The recently released World Alzheimer Report 2013 Journey of Caring: An analysis of long-term care for dementia, “reveals that, as the world population ages, the traditional system of ‘informal’ care by family, friends, and community will require much greater support”. About 13% of people over age 60 need long-term care support currently. Dementia is the top reason for needing long-term care. About half of older people needing long-term care have dementia (and 80% of those in nursing homes). The worldwide cost of Alzheimer’s specialty care is about $600 billion.
The World Alzheimer’s Report makes a number of recommendations on the findings, including many government and systematic changes to prepare for and deal with Alzheimer’s specialty care needs. Some of the important recommendations include systems for monitoring quality of care in all settings, better coordination/integration of health and social systems to meet people’s needs, and valuing autonomy and choice in care.
The report suggests the importance of training and supporting Alzheimer’s caregivers, both paid and unpaid (and proper incentives to retain good paid caregivers and support the long-term care system as well as informal carers). Multi-pronged caregiver interventions (education, training, support and respite) maintain caregiver morale and reduce strain…the only approach that has been proven to reduce or delay transition in to a care facility. As the report also suggests, though Alzheimer’s specialty care can be complex and resource-intensive, the systems and services must be made as simple, seamless, transparent and accessible as possible. Families need guidance and support. Quality care management throughout the process is seen as the best method to accomplish this and provide continuity, trust and advocacy for the client and family.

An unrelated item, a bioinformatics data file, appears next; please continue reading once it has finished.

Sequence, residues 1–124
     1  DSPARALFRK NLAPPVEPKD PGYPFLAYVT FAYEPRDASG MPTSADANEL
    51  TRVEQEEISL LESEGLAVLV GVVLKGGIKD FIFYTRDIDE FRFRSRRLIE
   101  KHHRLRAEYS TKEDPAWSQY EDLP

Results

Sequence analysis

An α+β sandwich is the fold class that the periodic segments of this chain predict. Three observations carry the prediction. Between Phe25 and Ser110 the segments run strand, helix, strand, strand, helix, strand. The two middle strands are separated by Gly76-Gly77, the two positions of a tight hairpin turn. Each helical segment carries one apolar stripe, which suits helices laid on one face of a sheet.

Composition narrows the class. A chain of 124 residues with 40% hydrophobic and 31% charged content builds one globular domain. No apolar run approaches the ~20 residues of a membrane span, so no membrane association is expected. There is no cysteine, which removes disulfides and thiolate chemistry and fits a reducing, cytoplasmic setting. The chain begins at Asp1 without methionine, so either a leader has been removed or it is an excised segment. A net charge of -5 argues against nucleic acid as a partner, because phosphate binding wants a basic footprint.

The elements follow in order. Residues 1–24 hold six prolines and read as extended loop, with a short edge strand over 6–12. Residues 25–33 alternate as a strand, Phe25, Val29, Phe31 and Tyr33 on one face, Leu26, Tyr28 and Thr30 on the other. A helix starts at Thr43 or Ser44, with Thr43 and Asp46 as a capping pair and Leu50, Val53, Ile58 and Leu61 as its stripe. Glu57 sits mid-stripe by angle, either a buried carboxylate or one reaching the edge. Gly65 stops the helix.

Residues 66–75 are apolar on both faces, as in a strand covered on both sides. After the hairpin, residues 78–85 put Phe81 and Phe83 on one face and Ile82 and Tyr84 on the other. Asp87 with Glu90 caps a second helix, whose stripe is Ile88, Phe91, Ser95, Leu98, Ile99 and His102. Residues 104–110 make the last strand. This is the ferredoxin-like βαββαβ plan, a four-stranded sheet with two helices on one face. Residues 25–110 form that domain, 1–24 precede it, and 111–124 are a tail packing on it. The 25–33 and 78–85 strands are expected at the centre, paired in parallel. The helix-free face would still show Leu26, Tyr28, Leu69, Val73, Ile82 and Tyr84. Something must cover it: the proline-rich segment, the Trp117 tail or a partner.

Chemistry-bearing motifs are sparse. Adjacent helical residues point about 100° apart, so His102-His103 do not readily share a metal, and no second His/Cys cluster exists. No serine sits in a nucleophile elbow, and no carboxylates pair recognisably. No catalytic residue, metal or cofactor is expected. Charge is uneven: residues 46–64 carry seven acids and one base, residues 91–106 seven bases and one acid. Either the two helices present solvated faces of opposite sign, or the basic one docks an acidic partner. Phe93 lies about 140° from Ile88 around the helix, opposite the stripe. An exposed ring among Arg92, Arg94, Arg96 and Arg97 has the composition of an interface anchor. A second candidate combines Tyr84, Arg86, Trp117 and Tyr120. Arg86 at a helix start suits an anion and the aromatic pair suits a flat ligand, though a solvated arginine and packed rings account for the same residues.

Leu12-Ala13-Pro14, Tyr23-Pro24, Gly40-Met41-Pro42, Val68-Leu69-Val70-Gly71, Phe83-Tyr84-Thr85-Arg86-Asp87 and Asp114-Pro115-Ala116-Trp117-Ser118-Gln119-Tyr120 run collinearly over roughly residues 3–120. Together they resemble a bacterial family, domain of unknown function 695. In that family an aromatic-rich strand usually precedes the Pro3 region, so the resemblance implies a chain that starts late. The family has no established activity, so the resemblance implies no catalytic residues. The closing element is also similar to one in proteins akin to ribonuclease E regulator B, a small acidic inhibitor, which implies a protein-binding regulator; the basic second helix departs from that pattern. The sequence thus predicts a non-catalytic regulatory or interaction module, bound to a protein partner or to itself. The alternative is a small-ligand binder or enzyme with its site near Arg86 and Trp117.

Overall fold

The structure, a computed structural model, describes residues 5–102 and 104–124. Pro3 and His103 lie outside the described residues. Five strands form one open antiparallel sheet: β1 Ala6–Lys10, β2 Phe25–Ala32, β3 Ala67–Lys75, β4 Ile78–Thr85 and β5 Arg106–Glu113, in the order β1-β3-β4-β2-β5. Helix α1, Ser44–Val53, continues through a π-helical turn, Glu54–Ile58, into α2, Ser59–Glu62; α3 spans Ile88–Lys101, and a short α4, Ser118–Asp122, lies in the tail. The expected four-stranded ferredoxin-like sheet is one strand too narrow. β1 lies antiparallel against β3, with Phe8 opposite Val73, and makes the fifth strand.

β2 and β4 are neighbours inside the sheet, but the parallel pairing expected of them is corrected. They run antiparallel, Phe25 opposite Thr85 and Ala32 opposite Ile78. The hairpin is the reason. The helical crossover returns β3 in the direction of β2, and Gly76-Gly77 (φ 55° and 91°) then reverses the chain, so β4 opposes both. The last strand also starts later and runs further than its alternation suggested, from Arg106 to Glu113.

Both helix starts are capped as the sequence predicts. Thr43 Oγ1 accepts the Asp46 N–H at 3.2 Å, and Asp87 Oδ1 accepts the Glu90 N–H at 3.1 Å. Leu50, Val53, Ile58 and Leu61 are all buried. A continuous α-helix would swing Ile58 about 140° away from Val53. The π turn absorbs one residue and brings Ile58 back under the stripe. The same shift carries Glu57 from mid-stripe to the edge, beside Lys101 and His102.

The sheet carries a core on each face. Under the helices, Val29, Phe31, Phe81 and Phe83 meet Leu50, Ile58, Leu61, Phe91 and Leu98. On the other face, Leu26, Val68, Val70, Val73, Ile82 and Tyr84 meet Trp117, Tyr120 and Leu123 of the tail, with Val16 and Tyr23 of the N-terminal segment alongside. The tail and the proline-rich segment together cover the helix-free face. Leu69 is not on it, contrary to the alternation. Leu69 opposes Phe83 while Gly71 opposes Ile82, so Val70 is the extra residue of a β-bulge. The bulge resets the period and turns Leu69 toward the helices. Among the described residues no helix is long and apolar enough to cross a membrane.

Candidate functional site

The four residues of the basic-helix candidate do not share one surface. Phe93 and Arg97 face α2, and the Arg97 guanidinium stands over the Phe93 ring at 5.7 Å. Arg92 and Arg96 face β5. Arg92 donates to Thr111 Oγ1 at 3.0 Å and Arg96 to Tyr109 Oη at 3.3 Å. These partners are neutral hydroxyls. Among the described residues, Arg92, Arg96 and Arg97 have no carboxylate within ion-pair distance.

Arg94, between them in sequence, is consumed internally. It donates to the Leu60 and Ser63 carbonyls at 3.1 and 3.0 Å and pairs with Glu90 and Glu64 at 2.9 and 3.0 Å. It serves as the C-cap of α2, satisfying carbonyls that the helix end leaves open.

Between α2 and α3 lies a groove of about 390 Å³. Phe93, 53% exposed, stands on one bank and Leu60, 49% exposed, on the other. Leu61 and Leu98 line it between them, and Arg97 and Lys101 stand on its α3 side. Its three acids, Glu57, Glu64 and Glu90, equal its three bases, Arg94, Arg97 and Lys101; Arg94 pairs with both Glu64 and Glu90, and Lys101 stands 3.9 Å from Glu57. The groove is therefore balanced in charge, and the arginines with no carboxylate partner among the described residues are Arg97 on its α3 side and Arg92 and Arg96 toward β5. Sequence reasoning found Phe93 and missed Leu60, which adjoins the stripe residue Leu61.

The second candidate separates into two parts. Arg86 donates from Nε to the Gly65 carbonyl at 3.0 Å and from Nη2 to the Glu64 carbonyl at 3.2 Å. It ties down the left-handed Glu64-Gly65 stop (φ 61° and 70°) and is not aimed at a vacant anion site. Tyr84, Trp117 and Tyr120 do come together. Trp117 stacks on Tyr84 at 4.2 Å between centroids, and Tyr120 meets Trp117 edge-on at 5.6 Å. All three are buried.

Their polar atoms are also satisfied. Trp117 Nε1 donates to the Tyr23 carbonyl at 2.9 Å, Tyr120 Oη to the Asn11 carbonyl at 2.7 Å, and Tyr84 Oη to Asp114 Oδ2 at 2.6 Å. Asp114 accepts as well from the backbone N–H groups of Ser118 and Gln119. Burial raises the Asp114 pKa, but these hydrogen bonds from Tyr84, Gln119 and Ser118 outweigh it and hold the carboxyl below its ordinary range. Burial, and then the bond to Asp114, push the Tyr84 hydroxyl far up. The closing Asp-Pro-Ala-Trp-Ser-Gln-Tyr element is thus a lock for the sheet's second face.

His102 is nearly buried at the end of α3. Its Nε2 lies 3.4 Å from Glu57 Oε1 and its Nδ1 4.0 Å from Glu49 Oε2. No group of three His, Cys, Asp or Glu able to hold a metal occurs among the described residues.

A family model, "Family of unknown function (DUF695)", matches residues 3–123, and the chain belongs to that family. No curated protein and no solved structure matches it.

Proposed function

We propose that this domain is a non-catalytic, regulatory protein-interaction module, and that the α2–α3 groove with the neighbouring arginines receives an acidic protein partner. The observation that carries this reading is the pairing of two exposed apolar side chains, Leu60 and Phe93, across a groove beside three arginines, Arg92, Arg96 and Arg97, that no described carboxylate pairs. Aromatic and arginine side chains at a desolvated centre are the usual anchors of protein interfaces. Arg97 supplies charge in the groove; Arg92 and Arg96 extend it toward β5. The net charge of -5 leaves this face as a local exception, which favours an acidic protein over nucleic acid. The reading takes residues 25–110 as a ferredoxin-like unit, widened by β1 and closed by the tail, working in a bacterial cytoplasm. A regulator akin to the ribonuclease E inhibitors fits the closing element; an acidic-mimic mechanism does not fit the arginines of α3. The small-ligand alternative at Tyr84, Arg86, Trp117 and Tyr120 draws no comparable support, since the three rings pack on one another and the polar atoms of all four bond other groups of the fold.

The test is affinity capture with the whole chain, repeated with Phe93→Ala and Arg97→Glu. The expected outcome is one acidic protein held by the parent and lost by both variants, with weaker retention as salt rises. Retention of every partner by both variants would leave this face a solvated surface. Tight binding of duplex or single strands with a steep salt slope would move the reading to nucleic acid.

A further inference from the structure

Family carers and paid Alzheimer’s caregivers have much in common, carrying out demanding and socially useful roles but often with little preparation or support. The report emphasizes that we must value dementia caregivers of both types, building in incentives to retain good quality caregivers and support family caregivers. Our team at EasyLiving could not agree more with this assessment!
As the report states, “Undervaluing of caregivers impacts negatively on the quality of care”. We have been working hard at EasyLiving to not only show our caregivers how valuable they are as well as support them in their work, but also to spread the message of quality caregiving more widely throughout the community. We dedicate our website to supporting caregivers in many ways, from our message of thanks/a tribute to caregivers to articles with resources for dementia caregivers and tips for Alzheimer’s Specialty Care. Our Caregiver Resource Center offers links and documents such as fact sheets, tips to download and care guides, all designed to make caregiving easier.
If you are a caregiver providing Alzheimer’s specialty care or a person facing a new diagnosis of dementia, we hope you will find these resources useful and we’d love to hear from you about other needs and ways we could help. We welcome your comments or phone calls (727-448-0900). Our Senior Care Consultant, Sue Talbott, provides a free needs analysis for any families needing assistance with home care, dementia care or other eldercare concerns. You can read more about our Alzheimer’s Specialty Care program, which is available to assist with repite or ongoing care needs throughout Pinellas and Pasco counties.
If you are an Alzheimer’s caregiver, here are a few quick tips and resources to get you started towards identifying the support you need:
- Download our free Alzheimer’s Specialty Care guide. This is a great “training manual” and reference guide for dealing with different care issues and challenges.
- Set up a care consultation. Get advice on where to start and consider developing a relationship with a care manager so you have a “go to” resource as things develop.
- Identify some key resources. Connect with your local Alzheimer’s Association, check out a support group in person or online and review some of the resources online (from reputable sources) about topics that concern you.